Erik Biksa has been writing about and discussing hydroponics growing, related technologies and cropping methods since 1999 in a variety of professional publications and platforms globally Erik has traveled the world learning and teaching modern growing techniques and technologies and is appreciated by many growers for his informative yet hands-on approaches. Presently, he is the Editor at Grozine Hydroponics Mag.

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Repost: 8 out of 30+ Organic Techniques in the Garden https://rediroot.com/repost-8-out-of-30-organic-techniques-in-the-garden/ Wed, 03 Apr 2019 18:35:28 +0000 https://rediroot.com/?p=1642 Tips and techniques for an organic garden with useful information you can apply whether your garden is fully organic or not. Written for beginners but it is a great reminder for more advanced gardeners as well. Quick read with lots of images.

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8 out of 30+ Organic Techniques in the Garden

By: gardeningsteps2, Gardening Steps

Original Article

You can start your organic garden by following these great techniques to enhance the healthy growth of your vegetables as well as to maximize the production. What are these great tips that you need to know?

Companion Planting

Companion planting deals with the love and hate relationship among the plants. They also have this kind of connection when it deals with the neighboring plants. This companion planting is the best way to ensure the healthy growth of the plants as well as to discourage any insect pests.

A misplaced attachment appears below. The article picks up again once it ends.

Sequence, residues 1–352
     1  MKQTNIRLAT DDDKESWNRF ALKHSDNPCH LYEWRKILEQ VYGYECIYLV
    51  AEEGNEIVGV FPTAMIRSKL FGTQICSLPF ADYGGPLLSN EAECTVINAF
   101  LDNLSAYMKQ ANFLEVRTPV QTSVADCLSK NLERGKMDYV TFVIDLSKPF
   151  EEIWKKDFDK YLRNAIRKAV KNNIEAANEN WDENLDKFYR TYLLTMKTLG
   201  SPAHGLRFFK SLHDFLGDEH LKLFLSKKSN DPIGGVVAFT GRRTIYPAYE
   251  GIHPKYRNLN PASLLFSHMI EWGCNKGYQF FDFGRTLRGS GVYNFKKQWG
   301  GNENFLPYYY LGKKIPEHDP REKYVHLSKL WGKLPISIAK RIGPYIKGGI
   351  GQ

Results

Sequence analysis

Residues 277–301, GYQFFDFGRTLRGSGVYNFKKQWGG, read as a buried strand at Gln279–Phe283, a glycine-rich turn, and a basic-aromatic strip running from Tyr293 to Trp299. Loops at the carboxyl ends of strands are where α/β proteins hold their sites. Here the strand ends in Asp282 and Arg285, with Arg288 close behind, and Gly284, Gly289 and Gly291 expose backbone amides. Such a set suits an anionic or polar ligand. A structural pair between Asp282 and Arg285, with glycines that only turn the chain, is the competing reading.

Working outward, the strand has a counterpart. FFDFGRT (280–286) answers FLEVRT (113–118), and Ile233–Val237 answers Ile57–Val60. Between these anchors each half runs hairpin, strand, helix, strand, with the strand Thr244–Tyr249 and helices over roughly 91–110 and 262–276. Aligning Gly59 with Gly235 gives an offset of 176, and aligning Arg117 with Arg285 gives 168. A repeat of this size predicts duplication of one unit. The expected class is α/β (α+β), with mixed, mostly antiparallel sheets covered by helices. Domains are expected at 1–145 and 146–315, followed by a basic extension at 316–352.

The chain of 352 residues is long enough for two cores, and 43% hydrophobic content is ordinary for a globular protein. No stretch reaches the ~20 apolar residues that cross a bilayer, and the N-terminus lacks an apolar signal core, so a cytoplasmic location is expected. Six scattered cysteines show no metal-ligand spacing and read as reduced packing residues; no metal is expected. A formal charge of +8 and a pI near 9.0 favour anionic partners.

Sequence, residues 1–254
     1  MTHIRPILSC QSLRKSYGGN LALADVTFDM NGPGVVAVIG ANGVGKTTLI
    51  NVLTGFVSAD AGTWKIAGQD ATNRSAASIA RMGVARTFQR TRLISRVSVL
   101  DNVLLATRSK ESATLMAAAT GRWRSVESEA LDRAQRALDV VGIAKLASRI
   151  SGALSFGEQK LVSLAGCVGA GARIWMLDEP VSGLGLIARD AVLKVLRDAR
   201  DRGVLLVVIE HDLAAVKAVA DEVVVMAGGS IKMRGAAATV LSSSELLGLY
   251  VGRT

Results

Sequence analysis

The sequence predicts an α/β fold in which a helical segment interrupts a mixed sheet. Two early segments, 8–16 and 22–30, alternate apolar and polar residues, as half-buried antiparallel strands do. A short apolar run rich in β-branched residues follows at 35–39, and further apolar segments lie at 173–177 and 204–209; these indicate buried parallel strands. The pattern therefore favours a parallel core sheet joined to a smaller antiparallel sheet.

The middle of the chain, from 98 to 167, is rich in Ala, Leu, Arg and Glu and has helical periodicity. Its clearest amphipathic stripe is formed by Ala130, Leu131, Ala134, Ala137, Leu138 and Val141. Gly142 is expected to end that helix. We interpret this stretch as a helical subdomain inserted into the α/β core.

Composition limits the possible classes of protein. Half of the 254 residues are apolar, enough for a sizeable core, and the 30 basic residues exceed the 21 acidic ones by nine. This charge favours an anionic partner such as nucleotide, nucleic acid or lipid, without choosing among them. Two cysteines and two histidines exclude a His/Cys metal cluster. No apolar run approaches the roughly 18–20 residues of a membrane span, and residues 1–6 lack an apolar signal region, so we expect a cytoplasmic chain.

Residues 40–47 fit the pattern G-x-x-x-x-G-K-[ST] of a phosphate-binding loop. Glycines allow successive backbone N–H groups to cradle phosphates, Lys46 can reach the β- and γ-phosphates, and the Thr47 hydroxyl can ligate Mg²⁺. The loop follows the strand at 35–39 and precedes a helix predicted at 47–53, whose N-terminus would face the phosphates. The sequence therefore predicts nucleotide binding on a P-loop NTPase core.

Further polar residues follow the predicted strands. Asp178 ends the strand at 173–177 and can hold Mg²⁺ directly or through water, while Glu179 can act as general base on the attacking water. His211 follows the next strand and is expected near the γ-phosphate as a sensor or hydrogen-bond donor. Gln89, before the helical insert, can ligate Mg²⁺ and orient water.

Start with Organic Pest Control

You can learn how to control your insect pests by using more organic substances or materials. Learn how to deal with it once you start your organic garden.

Fight the Garden Pests Naturally

Try to avoid using unnatural sprays to get rid of the insect pests. There are lots of natural ways to do it. You can learn how to make some non chemical pest controls right away.

Herbs

You can grow some herbs in your garden to enhance the health and look of your garden. You can also use these herbs to improve the quality of your food. You can choose the suitable herbs which can be very useful to get rid of some insect pests from your garden. You can also make use of these herbs plants to protect your vegetables or flowers.

Besides being very effective to protect your vegetables or flowers, herbs are very useful as natural repellent of any insects. You can find information on certain herbs which can repel flies, mosquitoes, moths, and other pests.